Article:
The subtitled hilarious 2012 Japanese romantic dramedy "The Key of Life" is a great example of the terrifically broad scope of the monthly always independent and usually foreign selections of the film-of-the-month club that Film Movement operates. Members and folks who buy this title separately can start enjoying it on January 7, 2014.
The cleverness of this title regarding the central event related to largely failed and suicidal actor Sakurai switching lives with that of Kondo after the latter becomes disoriented in a freak accident is only part of what makes this film so awesome. The ensuing best identity switch since "Trading Places" has far more twists and provides scads more laughs than the entire collection of Katherine Heigel and Julia Roberts films combined.
The following clip, courtesy of YouTube, of "Key's" spoiler-laden trailer shows the incredible feats that writer-director Kenji Uchida pulls off. It is remarkable enough when anyone who takes on two jobs in a film pulls both off with tremendous skill.
Uchida doing one better by making a film set in a very foreign culture both relatable and highly entertaining to an American audience that suffers through scores of badly done romcoms each year. Sitting down with him over a glass of sake would be a dream come true.
Particularly good segments involve Sakurai trying to bluff his way through situations related to passing himself off as the significantly older Kondo under very harrowing circumstances and Kondo trying to make sense of living a life that does not seem to fit him. The inevitable pairing up of these characters roughly halfway through the film provides additional fodder for hilarity and mayhem.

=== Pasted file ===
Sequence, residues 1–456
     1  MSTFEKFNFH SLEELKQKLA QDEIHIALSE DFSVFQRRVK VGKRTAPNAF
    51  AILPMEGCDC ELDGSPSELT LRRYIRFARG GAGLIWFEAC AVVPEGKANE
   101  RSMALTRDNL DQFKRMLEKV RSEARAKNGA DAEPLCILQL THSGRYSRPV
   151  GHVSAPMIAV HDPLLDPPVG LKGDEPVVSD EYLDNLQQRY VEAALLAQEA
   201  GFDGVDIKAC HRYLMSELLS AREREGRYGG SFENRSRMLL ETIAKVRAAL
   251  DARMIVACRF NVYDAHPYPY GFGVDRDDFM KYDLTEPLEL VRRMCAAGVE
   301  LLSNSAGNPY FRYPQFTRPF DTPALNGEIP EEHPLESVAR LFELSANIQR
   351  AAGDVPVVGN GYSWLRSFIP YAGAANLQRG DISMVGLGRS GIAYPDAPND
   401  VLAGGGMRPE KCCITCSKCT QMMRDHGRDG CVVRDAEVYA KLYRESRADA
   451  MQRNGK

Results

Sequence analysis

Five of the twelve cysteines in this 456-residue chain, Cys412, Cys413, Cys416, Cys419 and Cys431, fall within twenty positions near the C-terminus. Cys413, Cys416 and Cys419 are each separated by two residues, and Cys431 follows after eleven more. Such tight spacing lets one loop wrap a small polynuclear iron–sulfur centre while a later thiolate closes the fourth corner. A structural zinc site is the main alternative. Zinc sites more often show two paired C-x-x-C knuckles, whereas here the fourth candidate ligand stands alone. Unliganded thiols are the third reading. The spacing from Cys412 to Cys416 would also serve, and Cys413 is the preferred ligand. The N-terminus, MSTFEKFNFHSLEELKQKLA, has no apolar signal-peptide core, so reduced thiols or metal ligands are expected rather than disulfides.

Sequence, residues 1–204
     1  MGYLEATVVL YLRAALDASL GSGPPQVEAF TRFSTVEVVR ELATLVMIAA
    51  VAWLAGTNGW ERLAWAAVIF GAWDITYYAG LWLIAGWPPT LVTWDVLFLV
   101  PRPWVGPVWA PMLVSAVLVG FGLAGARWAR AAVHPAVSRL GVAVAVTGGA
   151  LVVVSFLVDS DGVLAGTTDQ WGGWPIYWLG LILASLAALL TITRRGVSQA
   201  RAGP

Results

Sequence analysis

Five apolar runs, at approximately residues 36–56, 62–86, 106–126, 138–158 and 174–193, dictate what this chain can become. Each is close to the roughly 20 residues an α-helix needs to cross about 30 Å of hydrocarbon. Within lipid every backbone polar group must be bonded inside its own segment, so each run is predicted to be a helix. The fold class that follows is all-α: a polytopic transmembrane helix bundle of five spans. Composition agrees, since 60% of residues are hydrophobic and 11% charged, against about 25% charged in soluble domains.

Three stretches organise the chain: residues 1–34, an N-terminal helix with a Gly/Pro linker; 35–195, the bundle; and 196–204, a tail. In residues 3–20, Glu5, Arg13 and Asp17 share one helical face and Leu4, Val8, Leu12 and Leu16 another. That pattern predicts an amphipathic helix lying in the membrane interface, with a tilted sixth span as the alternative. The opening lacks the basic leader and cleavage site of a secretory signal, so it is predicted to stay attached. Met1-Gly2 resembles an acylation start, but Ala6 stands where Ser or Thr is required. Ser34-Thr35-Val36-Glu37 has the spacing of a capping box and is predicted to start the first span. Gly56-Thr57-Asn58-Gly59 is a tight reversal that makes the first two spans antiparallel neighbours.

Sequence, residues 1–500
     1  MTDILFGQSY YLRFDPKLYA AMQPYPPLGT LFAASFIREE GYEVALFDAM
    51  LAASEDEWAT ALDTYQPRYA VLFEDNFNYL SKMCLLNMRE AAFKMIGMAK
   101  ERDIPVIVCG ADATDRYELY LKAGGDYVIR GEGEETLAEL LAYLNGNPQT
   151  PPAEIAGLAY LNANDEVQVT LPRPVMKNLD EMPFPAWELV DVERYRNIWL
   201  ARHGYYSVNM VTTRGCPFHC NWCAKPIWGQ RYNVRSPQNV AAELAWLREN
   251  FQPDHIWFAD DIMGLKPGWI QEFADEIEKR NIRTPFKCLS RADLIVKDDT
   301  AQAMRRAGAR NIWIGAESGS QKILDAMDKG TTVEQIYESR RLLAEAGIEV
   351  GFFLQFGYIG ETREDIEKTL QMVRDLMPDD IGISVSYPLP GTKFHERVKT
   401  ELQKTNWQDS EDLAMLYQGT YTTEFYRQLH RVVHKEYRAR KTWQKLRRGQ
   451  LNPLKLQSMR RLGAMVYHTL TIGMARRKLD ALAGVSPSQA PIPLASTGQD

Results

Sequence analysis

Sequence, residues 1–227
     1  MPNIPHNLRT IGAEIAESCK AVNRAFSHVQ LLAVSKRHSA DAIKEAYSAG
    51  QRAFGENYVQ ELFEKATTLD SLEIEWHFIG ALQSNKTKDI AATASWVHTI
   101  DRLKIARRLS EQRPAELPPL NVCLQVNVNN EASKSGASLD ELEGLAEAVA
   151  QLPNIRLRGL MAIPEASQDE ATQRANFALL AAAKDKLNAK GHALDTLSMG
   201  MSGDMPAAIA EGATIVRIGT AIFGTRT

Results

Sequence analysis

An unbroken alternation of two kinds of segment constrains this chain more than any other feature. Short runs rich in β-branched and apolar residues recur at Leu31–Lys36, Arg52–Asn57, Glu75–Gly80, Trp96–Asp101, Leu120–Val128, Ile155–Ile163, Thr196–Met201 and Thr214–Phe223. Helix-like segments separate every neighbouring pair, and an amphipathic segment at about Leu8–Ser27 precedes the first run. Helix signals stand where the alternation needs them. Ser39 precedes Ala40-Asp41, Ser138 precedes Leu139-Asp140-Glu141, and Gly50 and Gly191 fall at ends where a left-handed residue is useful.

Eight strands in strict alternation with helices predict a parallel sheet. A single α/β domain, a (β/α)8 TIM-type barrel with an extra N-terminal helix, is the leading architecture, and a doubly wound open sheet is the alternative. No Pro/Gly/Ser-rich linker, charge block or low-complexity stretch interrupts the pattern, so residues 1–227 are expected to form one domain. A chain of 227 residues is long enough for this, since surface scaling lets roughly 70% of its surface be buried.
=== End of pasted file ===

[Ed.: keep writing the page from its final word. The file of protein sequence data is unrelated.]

For her part, Kanae's relationship with both her sister and father are particularly relevant to any American with a sibling and/or a parent; a scene that involves a DVD mixup in her storyline also helps make her tale memorable by providing one of the biggest laughs in the film.
Film Movement additionally does its great job of adding value to the set by including its regularly (but hardly standard) bonus short. This one, which is very aptly titled "Finale," is full of twists and moderate surrealism. It further proves the adage that it ain't over until the fat lady sings.
The international accord regarding this perfect blend of talents is that it will appeal to anyone with a yen for a story that will both make you laugh and feel deep compassion for two-dimensional characters.
Anyone with questions or comments regarding "Key" is welcome to email me; you can also find me on Twitter via @tvdvdguy.